One of the world’s most famous shipwrecks, The Endurance, was found by an intrepid group of explorers more than a century after it sank in the Weddell Sea. Captained by the celebrated Antarctic explorer, Sir Ernest Shackleton, the ship became trapped in floating sea ice while travelling to Vahsel Bay, from where Shackleton and his crew intended to attempt the first transcontinental crossing of the Antarctic by land.
An expedition mounted by The Falklands Heritage Maritime Trust located the wreck just over 3 km below the surface of the Weddell Sea and approximately 6 kilometres from where it was slowly crushed and sunk by the floating sea ice in the notoriously glacial and dangerous Weddell sea.
The team of researchers aboard the South African polar research vessel, SA Agulhas II, searched a 240 square kilometre area for two weeks, battling freezing temperatures and dangerous floating sea ice, before locating the legendary wreck using remote-controlled SAAB Sabertooth submersibles. Shackleton himself referred to the site of the sinking as “the worst portion of the worst sea in the world”.
The Endurance, a 144-foot, three-masted wooden ship, holds a special place in the annals of polar exploration for its role in one of the greatest survival stories in the history of human exploration.
Ernest Shackleton and his companions abandoned the ship after it became trapped and crushed by floating sea ice. The ship eventually sank, leaving the group of explorers to embark by boat and foot on one of the most perilous journeys ever attempted, first to the inhospitable Elephant Island and later to South Georgia Island, a British overseas territory that lies around 1,400 kilometres east of the Falkland Islands. Every member of the expedition somehow survived the perilous journey to safety while battling freezing conditions, tropical storms and hazardous, mountainous terrain.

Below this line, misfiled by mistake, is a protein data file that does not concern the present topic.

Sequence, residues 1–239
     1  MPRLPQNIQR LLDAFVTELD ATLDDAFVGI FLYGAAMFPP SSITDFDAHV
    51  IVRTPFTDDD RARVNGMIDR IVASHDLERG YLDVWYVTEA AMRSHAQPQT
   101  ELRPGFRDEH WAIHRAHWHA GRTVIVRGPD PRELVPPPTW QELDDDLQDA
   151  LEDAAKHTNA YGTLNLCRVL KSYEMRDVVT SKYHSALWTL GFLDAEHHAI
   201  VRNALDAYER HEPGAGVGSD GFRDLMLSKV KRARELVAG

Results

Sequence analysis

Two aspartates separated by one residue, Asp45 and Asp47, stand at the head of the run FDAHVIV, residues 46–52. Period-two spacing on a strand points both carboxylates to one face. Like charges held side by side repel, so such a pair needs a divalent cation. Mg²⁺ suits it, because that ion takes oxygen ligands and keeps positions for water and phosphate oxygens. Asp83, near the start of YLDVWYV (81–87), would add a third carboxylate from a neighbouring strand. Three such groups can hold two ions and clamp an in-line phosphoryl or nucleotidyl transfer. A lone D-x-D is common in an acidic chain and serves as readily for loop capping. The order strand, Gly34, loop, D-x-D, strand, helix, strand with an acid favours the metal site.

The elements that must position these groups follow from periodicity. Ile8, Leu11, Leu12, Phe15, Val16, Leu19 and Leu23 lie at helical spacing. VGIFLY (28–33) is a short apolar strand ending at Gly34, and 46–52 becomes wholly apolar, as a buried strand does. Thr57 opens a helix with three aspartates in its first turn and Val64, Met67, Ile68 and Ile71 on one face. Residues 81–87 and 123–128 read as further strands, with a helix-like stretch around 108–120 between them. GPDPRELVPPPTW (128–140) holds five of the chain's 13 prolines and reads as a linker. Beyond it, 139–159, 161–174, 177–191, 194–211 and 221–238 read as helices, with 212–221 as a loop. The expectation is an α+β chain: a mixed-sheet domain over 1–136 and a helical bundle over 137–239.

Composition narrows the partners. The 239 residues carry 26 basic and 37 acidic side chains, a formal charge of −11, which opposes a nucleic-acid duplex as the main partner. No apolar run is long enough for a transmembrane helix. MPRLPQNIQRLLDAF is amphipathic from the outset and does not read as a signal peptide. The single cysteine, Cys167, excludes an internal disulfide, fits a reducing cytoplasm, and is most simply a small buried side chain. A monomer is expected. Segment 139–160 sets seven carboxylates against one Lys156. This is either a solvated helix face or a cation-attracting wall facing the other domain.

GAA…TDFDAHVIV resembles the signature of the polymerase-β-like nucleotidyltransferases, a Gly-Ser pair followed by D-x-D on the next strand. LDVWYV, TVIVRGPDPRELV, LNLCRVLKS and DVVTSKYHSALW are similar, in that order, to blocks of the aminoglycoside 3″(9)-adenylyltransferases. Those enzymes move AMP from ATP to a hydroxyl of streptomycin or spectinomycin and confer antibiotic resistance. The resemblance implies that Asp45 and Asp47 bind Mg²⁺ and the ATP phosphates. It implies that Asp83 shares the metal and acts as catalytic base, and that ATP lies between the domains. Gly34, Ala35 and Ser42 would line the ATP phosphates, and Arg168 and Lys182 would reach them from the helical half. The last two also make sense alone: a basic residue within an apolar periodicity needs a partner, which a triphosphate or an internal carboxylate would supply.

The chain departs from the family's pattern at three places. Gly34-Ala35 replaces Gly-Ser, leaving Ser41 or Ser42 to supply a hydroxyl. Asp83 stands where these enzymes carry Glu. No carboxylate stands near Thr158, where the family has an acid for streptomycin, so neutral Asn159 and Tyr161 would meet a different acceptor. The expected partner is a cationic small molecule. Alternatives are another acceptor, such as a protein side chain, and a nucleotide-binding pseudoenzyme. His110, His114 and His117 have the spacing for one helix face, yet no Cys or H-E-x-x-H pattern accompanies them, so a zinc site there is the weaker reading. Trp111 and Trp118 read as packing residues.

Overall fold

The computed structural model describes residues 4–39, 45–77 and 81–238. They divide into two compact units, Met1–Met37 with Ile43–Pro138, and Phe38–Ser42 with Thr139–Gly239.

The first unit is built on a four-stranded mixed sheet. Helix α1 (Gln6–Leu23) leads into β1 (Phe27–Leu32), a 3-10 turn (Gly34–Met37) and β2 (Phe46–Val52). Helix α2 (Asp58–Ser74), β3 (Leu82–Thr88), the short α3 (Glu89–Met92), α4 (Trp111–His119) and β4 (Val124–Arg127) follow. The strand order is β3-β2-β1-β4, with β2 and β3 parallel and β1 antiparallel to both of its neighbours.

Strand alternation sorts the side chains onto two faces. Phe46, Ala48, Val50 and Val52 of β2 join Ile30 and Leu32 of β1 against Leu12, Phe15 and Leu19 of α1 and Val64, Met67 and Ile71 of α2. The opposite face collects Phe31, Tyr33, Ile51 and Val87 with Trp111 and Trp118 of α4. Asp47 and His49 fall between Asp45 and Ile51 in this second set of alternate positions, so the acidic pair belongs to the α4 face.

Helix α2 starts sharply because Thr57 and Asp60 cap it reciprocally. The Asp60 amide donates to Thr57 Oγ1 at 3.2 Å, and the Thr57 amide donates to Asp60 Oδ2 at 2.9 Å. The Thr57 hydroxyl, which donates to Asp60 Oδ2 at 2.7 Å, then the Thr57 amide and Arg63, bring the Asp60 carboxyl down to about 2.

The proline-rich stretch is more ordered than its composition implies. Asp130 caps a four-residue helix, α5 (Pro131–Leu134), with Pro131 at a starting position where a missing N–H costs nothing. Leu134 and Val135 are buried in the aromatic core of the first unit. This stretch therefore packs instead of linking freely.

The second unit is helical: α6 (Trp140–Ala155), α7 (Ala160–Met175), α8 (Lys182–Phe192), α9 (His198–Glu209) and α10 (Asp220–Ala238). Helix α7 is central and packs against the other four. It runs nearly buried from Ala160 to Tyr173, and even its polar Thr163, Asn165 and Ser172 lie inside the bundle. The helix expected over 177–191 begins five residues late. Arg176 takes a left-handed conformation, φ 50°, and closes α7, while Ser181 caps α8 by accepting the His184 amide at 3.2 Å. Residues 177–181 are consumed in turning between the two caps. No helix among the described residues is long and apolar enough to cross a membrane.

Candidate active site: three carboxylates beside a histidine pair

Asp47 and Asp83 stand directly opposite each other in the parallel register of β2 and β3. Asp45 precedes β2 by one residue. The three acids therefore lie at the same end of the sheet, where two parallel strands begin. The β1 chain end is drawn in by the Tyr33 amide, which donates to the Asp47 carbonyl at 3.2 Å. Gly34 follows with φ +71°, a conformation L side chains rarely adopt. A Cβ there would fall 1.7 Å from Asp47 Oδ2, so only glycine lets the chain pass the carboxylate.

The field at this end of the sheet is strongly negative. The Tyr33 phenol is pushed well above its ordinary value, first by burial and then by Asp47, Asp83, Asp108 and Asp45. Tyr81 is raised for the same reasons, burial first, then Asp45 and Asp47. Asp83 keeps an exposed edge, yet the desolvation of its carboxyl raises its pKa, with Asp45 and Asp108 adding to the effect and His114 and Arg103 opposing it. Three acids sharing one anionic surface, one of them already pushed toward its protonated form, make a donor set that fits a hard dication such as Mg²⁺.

The Weddell Sea region remains one of the most challenging parts of the ocean to navigate. “This has been the most complex subsea project ever undertaken,” said Nico Vincent, the mission’s subsea project manager. Veteran polar geographer Dr John Shears describes the expedition which battled constantly shifting sea ice, blizzards and temperatures dropping to -18 degrees C as an incredible achievement. “We have achieved what many people said was impossible.”
The wooden ship has survived mostly intact, being preserved by the icy waters where sea life may have degraded it in warmer climates. Photos and videos taken by the submersibles show the ship in astonishing detail.
Endurance’s name is visible on the stern above a five-pointed star that formed part of the ship’s original name, Polaris. The amazingly preserved ship looks almost identical to the photographs taken by Shackleton’s filmmaker, Frank Hurley, in 1915, with its broken masts and tangled rigging. The hull is mostly intact, barring some damage to the bow, which likely hit the sea bed.
“Without any exaggeration, this is the finest wooden shipwreck I have ever seen – by far. It is upright, well proud of the seabed, intact, and in a brilliant state of preservation.” Said marine archaeologist Mensun Bound in an interview with the BBC. “You can see a porthole that is Shackleton’s cabin. At that moment, you really do feel the breath of the great man upon the back of your neck.”
The historic wreck is protected by international maritime law, meaning that nothing has been disturbed, nor have artefacts been brought to the surface. The images and videos will be used for educational purposes, museum exhibits, and a planned documentary.
Bound continues, “We found the wreck a hundred years to the day after Shackleton’s funeral (5 March 1922). I don’t usually go with this sort of stuff at all, but this one I found a bit spooky.” The crew of the SA Agulhas wrapped up the survey and departed for Cape Town on Tuesday the 8th of March, intending to call in on the port of South Georgia, where Shackleton is buried, to pay their respects to the famed Arctic Explorer, fondly nicknamed “The Boss”.